Kensington & Chelsea Cycle Lane Removal - Controversy

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northerncyclist
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Kensington & Chelsea Cycle Lane Removal - Controversy

Post by northerncyclist »

Interesting article here. Cycle U.K. really need to check the details and if they are correct make a whole of noise in the right places. Also you guys that live in the area get in touch with your councillors.

https://www.theguardian.com/uk-news/202 ... ea-council
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Paulatic
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Re: Cycle lane

Post by Paulatic »

I think CUK should be fully aware. I believe the story comes from a Twitter account
Is the BMW in the RBKC cycle lane still there?
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simonineaston
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Re: Cycle lane

Post by simonineaston »

As the country returns (post covid) to enthusiastic use of motorised vehicles, we cyclists will continue to be marginalised, threatened, abused and indeed harmed, in ever increasing numbers. The zeitgeist is 'independance, freedom & push hard for your rights', as in 'get your twatty bike out of my car lane...' and will extend out from the centre, like a brick dropped in a pond. This and other recently reported anti-cyclist activity are just the tip of the iceburg...
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cycleruk
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Bike Lane removal.

Post by cycleruk »

Lane removed which then filled with parked cars causing increased congestion. Journey time increased from 5 minutes to 8. :?
https://www.cyclingweekly.com/news/late ... ime-487180
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Stevek76
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Re: Kensington & Chelsea Cycle Lane Removal - Controversy

Post by Stevek76 »

I think CUK were raising the prospect of a legal challenge back in early Dec but heard nothing on that part since so presumably advice received from S&G was not positive as to the chances of success.

RBKC have received a large amount of flak for this but the reality is they don't care. Persons with influence demanded it be removed and cllrs, who have never been keen on active travel anyway were all too happy to 'acquiesce'. Letters to residents associations revealed through FOIs suggested that the council cabinet only put the lane in as they felt there was a risk that control of the street would be removed if they didn't try it. Obviously that's still a risk too and it's something Khan has hinted is an option but he needs SoS approval (or at least to not object) to change TfLs network so there's some internal conservative party politics going on there. Johnson was (unsurprisingly) reportedly very angry about the removal but he has limited internal political capital left at present.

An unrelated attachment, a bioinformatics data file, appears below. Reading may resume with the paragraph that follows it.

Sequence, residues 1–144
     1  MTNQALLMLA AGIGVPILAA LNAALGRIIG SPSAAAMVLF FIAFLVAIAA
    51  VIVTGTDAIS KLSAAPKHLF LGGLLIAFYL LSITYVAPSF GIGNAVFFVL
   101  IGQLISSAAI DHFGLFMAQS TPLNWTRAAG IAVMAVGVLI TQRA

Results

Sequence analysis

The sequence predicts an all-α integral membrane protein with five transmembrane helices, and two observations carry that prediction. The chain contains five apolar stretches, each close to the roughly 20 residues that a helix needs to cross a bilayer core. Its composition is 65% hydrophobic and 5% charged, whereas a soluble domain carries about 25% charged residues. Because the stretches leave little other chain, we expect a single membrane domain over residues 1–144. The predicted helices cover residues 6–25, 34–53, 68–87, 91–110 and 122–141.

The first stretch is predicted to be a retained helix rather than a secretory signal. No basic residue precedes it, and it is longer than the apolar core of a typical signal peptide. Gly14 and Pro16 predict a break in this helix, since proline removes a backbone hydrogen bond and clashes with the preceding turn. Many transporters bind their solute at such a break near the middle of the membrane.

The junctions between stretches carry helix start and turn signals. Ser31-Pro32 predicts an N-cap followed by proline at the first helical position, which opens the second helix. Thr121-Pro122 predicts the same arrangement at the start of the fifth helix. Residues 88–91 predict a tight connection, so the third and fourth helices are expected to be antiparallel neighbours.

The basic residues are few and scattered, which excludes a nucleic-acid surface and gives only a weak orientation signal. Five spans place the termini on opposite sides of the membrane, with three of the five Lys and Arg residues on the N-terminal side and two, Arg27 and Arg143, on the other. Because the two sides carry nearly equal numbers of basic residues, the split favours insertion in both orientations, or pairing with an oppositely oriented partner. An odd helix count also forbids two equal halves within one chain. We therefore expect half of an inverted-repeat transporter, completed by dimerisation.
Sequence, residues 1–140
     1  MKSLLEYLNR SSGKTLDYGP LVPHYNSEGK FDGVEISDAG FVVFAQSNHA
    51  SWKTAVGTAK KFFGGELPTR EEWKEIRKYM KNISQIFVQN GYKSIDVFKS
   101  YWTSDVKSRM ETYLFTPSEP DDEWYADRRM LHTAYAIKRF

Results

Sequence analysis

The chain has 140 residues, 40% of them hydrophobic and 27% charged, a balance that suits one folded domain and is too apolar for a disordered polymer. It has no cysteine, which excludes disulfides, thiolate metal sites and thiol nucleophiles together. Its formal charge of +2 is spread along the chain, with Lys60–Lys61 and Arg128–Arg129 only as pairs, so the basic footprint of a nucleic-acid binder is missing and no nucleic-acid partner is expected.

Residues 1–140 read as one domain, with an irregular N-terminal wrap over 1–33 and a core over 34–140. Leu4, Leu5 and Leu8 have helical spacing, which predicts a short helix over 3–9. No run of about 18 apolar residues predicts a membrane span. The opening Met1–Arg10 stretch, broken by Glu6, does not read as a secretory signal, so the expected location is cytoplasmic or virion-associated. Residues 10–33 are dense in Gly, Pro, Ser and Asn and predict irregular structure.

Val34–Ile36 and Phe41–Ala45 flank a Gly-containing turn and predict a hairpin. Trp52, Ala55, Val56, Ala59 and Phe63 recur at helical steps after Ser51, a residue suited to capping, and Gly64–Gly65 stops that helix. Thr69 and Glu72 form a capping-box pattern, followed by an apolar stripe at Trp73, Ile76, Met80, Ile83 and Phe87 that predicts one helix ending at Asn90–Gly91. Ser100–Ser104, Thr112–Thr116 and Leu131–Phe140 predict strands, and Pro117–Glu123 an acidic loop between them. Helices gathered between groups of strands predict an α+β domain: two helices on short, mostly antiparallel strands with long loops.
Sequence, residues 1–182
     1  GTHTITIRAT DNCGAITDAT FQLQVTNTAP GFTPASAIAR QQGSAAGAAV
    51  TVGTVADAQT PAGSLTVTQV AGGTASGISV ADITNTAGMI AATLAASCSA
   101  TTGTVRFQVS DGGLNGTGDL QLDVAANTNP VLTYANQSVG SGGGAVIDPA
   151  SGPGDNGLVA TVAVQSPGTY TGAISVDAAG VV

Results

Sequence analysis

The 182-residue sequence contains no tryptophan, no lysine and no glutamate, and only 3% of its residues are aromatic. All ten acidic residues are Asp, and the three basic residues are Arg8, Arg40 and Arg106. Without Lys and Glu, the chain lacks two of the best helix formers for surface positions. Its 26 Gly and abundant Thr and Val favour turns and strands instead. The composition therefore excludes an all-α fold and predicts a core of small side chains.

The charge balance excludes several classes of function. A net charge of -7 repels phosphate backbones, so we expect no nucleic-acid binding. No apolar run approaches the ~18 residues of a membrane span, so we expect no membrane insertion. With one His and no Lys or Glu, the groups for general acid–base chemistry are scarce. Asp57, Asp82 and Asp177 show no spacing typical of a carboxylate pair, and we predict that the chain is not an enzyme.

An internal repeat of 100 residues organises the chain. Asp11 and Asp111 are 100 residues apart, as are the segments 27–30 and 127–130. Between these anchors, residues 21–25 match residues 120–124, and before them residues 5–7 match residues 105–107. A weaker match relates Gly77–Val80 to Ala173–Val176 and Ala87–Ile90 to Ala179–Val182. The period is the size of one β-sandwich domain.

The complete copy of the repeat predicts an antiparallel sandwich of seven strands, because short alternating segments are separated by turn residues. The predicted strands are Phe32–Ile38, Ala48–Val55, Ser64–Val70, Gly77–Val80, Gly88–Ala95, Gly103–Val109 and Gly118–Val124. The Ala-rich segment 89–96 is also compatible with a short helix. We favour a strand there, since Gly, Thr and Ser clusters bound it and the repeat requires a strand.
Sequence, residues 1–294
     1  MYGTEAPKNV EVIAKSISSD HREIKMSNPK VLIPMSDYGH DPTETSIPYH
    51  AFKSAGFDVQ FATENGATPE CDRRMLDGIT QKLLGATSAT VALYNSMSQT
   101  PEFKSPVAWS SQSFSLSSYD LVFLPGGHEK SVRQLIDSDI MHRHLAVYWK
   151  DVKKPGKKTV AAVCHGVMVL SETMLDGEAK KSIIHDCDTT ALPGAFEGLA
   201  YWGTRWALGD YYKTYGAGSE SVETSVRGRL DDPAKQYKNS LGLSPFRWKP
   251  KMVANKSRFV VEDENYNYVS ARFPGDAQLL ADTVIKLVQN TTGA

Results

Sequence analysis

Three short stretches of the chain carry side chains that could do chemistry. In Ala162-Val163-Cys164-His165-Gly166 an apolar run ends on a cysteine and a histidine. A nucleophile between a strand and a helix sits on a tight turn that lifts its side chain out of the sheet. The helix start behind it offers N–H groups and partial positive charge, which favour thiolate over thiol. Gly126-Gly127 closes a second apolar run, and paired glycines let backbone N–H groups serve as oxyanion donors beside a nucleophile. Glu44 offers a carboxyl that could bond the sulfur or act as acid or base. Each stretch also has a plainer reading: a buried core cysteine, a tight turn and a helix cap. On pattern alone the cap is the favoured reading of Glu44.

Pete Owens
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Re: Kensington & Chelsea Cycle Lane Removal - Controversy

Post by Pete Owens »

Given that the purpose of cycle lanes is to speed up motor traffic by clearing us out of the way, it is hardly surprising that they found that removal of a cycle lane resulted in slower traffic.

What is surprising is for cyclists to argue that high speed motor traffic is desirable.
northerncyclist
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Re: Kensington & Chelsea Cycle Lane Removal - Controversy

Post by northerncyclist »

What is surprising is for cyclists to argue that high speed motor traffic is desirable.[/quote]

Where does it say that ?????
Stevek76
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Re: Kensington & Chelsea Cycle Lane Removal - Controversy

Post by Stevek76 »

Pete is of the vehicular cyclist mindset so inherently against any sort of protected cycle lanes that might allow the less confident, less able and very young/old to cycle without feeling like they're about to meet a squishy end.

The only reason cycling campaigners have noted the increased journey times is because one of the reasons RBKC gave for the removal of the lanes were that they were 'causing congestion'.

In neither case could the motor traffic on Kensington High Street be considered 'high speed' for the vast majority of the day, nor were these cycle lanes 'clearing cyclists out of the way' given they were repurposed space from a general traffic lane for the most part.
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mjr
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Re: Kensington & Chelsea Cycle Lane Removal - Controversy

Post by mjr »

Stevek76 wrote:In neither case could the motor traffic on Kensington High Street be considered 'high speed' for the vast majority of the day, nor were these cycle lanes 'clearing cyclists out of the way' given they were repurposed space from a general traffic lane for the most part.

The very lane that cyclists in one direction are still expected to ride in, isn't it? (I did not visit London while the cycle lane existed, due to covid.)
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pjclinch
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Re: Kensington & Chelsea Cycle Lane Removal - Controversy

Post by pjclinch »

Pete Owens wrote:Given that the purpose of cycle lanes is to speed up motor traffic by clearing us out of the way...